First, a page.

GS: We moved both to corner, we moved David Rowe into safety, and we moved over a guy I think is really talented in Jawaun Wynn -- a big, talented guy who was a wideout -- he'll be playing safety as well. We also redshirted a guy who I think was an exceptional recruit from DeMatha in Lorenzo Waters, he's got a chance to be really good. So it will be interesting to see because, again, there's great competition at this spot.

Speaking of redshirting, how tempting was it to play some of those young guys last year as the losses mounted?

GS: You know what, last year was so weird with everything that happened here ... sometimes you'll take a shirt off a kid if you think he can really help us, but our issues were a lot more than a player. We had some serious issues. So I think that would have been foolish -- it wouldn't have made any difference.

How have the players moved past all that?

GS: I think Eric [LeGrand's] situation was one where it's just, we're a close family here. Part of me is proud how much it affected us, because it showed how much our guys do care about each other. There wasn't a player or anything that was going to change that. Maybe if I had done a better job leading ... that's something I have thought about many times. But at the end of the day, it happened, and we're going to be there for Eric to help him, and we're going to put this thing back together and get back to playing football the way Rutgers is accustomed to playing it. I can't wait to do it. I really haven't been this excited to get back to practice in a long time.

How much will Eric be involved with you guys this spring?

GS: He's still in Kessler [Rehab], and when he gets out, which I think is going to happen pretty soon, he'll have a busy schedule. He still has to go to rehab and do all that stuff, just now he'll have to drive up to the place all the time. But hopefully he'll be around. He took a class this semester online, and I fully expect him to come back to school here and get his degree. So, yeah, he's every bit as big a part of this family as he ever was, and I expect him to be around as much as he can possibly be around.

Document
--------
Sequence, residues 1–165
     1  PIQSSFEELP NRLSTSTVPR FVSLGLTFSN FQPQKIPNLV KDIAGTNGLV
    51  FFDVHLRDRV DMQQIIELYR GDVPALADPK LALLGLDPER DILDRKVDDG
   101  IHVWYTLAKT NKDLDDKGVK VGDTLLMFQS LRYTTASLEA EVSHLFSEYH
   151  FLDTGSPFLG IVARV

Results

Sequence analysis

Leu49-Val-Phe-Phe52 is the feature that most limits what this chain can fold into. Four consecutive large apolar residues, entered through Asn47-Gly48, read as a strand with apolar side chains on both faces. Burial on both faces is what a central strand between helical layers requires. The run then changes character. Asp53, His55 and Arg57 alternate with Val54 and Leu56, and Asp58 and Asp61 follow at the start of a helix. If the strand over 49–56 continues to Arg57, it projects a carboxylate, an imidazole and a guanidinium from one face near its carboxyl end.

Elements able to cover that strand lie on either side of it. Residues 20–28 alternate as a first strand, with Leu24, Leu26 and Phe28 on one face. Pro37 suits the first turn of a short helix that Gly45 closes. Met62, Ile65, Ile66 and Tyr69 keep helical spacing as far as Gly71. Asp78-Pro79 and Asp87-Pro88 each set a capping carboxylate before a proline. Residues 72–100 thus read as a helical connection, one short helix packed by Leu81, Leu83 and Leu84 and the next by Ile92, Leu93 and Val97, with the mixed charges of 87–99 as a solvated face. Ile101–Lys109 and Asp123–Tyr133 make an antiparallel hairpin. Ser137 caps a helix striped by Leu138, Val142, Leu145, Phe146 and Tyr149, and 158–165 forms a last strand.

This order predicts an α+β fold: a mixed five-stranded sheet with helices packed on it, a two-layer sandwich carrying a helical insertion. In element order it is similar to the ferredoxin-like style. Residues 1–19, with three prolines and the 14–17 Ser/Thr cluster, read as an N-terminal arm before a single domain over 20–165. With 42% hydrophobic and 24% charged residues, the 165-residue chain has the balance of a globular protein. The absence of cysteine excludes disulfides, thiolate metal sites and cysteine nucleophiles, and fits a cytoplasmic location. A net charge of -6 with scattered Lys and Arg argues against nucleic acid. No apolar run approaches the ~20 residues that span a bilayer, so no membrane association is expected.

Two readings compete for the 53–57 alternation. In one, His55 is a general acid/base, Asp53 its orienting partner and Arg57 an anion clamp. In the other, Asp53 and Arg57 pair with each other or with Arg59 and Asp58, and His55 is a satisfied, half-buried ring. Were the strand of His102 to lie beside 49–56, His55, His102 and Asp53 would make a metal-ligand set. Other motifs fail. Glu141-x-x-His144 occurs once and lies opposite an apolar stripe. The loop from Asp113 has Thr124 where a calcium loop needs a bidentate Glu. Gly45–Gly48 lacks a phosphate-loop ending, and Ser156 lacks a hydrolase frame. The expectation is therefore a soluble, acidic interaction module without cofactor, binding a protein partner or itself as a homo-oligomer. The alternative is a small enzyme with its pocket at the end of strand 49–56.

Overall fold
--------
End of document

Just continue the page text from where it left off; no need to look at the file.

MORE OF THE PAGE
Looking at special teams, you have to replace your punter. Where does that stand?

GS: We recruited Anthony DiPaula, and he started in January. One area we'll really emphasize this spring is punting and putting him under the gun, because where we stand right now, the plan is for him to be our punter. And that's a true freshman punter, so hold on to your hat, baby. With San San Te returning, we have returning long-snappers, returning holders, so I'm comfortable we'll be comfortable in all areas. And hopefully we'll get DiPaula to a point where he's comfortable. But again, until you go out and punt in front of 60,000 people, you haven't really experienced it. But he has a good way about him, so I'm confident in him.

Last year at this time, you talked about how young your roster was, and how the vast majority of your players were underclassmen. Looking at things now, do you think this is a group that can do some special things as it grows up?

GS: I'm going to hold judgment on that. Are they over everything from last year? I hope they're not over it, but I hope they're dealing with it better. I think we're going to see where we are every step of the way. We only have 12 scholarship seniors on this team, so our bigger classes are our juniors, sophomores and freshmen. With our 12 scholarship seniors, we do have strong leaders and character guys there. But I think it's going to be a group effort. And you know what? Some of the best teams I've had kind of scratched and clawed and at the end of the day they'd look up and not be too bad. Hopefully, that will be us.